My passion for wildlife was stimulated in my teenage years, mainly thanks to my Mum (a biology teacher) who made me look at the world differently and being inspired by writers such as Paul Colinvaux. This early interest developed into biological research in my 20s, when I did practical conservation work in places such as the Comores and Mongolia.
Today, any free time I have I spend pottering around the flatlands of East Anglia or escaping to our hut on the Northumberland coast looking for wildlife and castles with my wife and children.
I studied Biological Sciences at Oxford and Conservation at UCL, and worked at Wildlife and Countryside Link before spending five years as Conservation Director at Plantlife.
I joined the RSPB as Head of Government Affairs in 2004, became Head of Sustainable Development in 2006, before becoming Conservation Director in 2011.
Am off to Bristol today to participate in a meeting of Defra's Biodivesity Programme Board. This is the group that has the responsibility for ensuring targets in England's Biodversity Strategy are on track.
These targets (for species, habitats, sites and ecosystems) are a translation of global commitments which the UK Government signed up to at the Convention on Biological Diversity meeting in Nagoya, Japan in 2010. Report on progress comes through a publication of indicators later in the year.
These indicators provide a signal as to how well we are doing to fulfil our legal and political commitments. We all play our part in trying to meet these targets - Defra, its agencies, landowners, businesses, NGOs and individuals - but ultimately, of course, the buck stops with ministers. I trust that they are keeping a close eye on the performance of this group.
As I go into this meeting, there is a lot on my mind.
This morning, for example, we'll see the publication of the Farmland Bird Index - a composite assessment of how 19 species dependent on the farmed landscape are faring. I hope for good news, but I expect the worse. This index has shown a long-term downward trend, a trend that was only halted by investment in subsidies to support wildlife friendly farming. The trend for birds is replicated in other groups for example farmland butterflies and carabid beetles. The index is published during a period when the new agri-environment scheme is being designed. While there is less money to go around, because of effective lobbying by the NFU, it is vital that the new schemes are well designed and tailored to meet the needs of threatened sites and species. This is the test of whether the schemes provide good use of tax-payers money.
Yesterday, we announced our new Hen Harrier initiative (funded through the EU's LIFE+ programme) which will help us play our part in saving this iconic species which is clinging on as a breeding species in England but is threatened - due to persecution - throughout the UK. As our project manager, Blánaid Denman, said yesterday "The cross-border project provides a huge boost to our efforts to monitor and protect hen harriers. Working together with volunteers and other organisations, we’ll have more eyes and ears on the hills than ever before, using satellite tagging, winter-roost monitoring and nest protection to deter persecution, identify the important areas for these birds and highlight where they’re most at risk.” Our intention is simple - to stamp out illegal killing.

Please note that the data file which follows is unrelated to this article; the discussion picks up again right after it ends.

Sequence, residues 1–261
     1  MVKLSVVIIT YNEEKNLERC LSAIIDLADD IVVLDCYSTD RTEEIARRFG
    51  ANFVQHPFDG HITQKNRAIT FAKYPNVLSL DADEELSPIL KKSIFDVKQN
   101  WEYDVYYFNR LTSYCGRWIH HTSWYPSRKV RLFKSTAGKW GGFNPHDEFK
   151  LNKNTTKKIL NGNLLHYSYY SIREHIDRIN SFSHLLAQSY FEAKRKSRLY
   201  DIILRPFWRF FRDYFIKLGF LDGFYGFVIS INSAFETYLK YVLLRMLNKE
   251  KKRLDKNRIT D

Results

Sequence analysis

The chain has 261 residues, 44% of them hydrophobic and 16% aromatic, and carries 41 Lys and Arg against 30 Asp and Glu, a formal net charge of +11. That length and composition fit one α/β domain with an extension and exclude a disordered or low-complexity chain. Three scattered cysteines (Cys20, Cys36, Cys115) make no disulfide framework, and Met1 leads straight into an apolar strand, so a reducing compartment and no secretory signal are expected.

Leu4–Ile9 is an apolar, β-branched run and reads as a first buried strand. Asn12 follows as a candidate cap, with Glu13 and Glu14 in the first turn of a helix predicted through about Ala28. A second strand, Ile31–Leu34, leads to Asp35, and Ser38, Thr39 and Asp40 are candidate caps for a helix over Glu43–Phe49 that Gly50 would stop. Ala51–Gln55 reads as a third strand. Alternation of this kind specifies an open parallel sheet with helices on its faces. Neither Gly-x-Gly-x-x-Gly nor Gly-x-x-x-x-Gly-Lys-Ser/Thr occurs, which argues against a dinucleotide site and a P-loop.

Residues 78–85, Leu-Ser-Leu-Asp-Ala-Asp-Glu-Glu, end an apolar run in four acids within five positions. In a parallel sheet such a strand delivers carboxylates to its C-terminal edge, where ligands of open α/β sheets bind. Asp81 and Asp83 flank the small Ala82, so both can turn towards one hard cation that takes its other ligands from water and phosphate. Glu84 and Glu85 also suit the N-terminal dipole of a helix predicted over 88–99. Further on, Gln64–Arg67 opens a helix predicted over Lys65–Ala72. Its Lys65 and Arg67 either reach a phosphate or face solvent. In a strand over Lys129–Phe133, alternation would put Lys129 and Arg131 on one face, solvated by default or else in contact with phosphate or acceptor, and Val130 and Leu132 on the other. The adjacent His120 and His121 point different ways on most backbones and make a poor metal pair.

On Tuesday, I wrote about the threats posed by diffuse pollution and water abstraction to two of our most important wildlife sites: Sutton and Catfield Fens. How we treat these sites is an indication of the seriousness we take our responsibility for protecting our finest wildlife sites.
And, we still await the decision of ministers as to whether they will grant a public inquiry regarding Medway Council's decision to grant outline planning permission for building 5,000 houses at Lodge Hill - one of our finest wildlife sites for nightingales, grassland and woodland.
These are just four conservation stories but they illustrate what happens when humans needs and wildlife needs collide: when we want to grow more food alongside wildlife, when we want to increase a shootable surplus of grouse and when we want to build homes for humans on the homes of nature.
The 'short' vision of the Convention on Biological Diversity provides, in nutshell, our challenge: to live in harmony with nature. We need this vision to be translated into the language and actions of any political party and of special interest groups for developers, farming and grouse shooting.
Get it wrong and it is not just wildlife that suffers, we all do. And that's why today and everyday, we'll be fighting to save our shared home.
I agree that much of this is avoidable. A combination of carelessness, indifference and perhaps a dose of greed. There is another way. See you on Saturday, Redkite?
Well done RSPB for standing up on the four issues that you give above and which are so important for our wildlife. What I find so frustrating on these four issues is that with good grace from the human side it can all be avoided. Taking each in turn;
Wildlife on farms could be helped so much by other farms taking on board the examples set by RSPB Hope Farm where the wildlife is stuning and the farm productivity excellent.
On the grouse moor/hen harrier issue, all we are asking is that grouse moor owners OBEY THE LAW as other people have to do. That the RSPB should have to go to such lenghts to try to save the hen harrier is a real disgrace as far as the grouse moor interests and the Government are concerned.
In respect of Sutton and Catfield fens and Lodge Hill it is surely a drop in the ocean to ensure thse sites are given proper protection as far as national housing numbers and the local abstraction of water and farm pollution prevention are concerned.